Bloomberg, despite his own youthful enjoyment of cannabis, has presided over a huge surge in arrests for "public display" of marijuana, many of them illegal because the pot came into open view only as a result of police intervention. After Gov. Andrew Cuomo took on the issue last year, Bloomberg suddenly voiced support for decriminalizing public display, which he falsely claimed would be consistent with current police practices. And as Kaminer notes, civil libertarians "deplore his defense of repressive stop-and-frisk policies." That defense has been notable not only because Bloomberg always comes down on the side of more police power but because the billionaire Harvard MBA dismisses anyone who disagrees with him as a pointy-headed pontificator insulated from the reality of the streets. Bloomberg implicitly concedes that New York cops routinely stop and frisk people without the "reasonable suspicion" that the Supreme Court has said is required by the Fourth Amendment. He just doesn't think such legal niceties matter when you're fighting crime. "Tireless Champion of Civil Liberties"? Not so much.

So is Kaminer kidding after all? Her hyperbole may have been a deliberate attempt to lure outraged Bloomberg critics, in which case I totally fell for it.

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  • fish||

    So Mikes a paternalistic douchebag but it's okay that you express that sentiment!

  • Rich||

    Bloomberg, despite his own youthful enjoyment of cannabis

    Ah, so that's how he became slower-thinking adult.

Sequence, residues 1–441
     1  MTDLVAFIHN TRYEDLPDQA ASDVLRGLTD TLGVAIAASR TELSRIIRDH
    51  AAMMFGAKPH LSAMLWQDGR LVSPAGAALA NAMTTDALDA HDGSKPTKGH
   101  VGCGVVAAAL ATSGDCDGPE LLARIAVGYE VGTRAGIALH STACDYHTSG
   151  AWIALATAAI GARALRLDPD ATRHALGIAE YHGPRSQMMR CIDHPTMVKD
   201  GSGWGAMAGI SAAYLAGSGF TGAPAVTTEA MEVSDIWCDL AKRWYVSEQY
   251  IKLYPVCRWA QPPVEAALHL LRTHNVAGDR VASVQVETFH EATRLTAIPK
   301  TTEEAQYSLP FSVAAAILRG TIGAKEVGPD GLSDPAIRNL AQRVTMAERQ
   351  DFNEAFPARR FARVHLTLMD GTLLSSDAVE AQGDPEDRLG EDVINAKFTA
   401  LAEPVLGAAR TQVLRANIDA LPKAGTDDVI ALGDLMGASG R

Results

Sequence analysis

• Hugh Akston||

    So is Kaminer kidding after all? Her hyperbole may have been a deliberate attempt to lure outraged Bloomberg critics, in which case I totally fell for it.

    I imagine that as a journalist, she believes that the First Amendment is the only one we really need. I also imagine that, as a resident of NYC, she believes that true freedom is only possible when the government limits you to the narrowest possible range of possible actions before you actually make a decision.

  • ||

    Since when do journalists believe in the 1st Amendment? Other than it applying to them, of course.

  • ||

    Well, she's less a journalist than a former board member of the ACLU, but yeah.

  • ||

    Do you even have a point?

  • brlfq||

    Don't you two see that you're in love with each other?
    Why can't you admit that?

  • Tulpa (LAOL-PA)||

    We went through this before with our old friend Mary. No real non-fantasy woman is good enough for Epi.

  • ||

    That the ACLU doesn't care about a lot of civil liberties. So, not really.

  • Paul.||

    I imagine that as a journalist, she believes that the First Amendment is the only one we really need.

    You must be paying attention to different MSM journalists than I am. Most of the ones I keep reading lament the first amendment.

  • Art Vandelay||

    If only the first amendment applied to just government-licensed members of "The Media"....

  • sloopyinca||

    Jacob, you are too good a writer and serious a person to take anything The Atlantic says seriously. Please, do yourself a favor the next time you're tempted to read anything from their site: go get drunk.

  • brlfq||

    I'm thinking that the professional writers at Reason have a good laugh at the career advice offered by the peanut gallery here, but I may be mistaken.

  • 34lbs||

    Or high.. weed works better.

  • Death Rock and Skull||

    Statist inconsistent dickheads can occasionally cover some libertarian hits. I'm still not going to party with their lame asses.

  • Night Elf Mohawk||

    He also noted that "as Americans, we tolerate things that we find despicable."

    I think he meant, "We tolerate things you find despicable. If I find it despicable, we put a stop to it under force of law."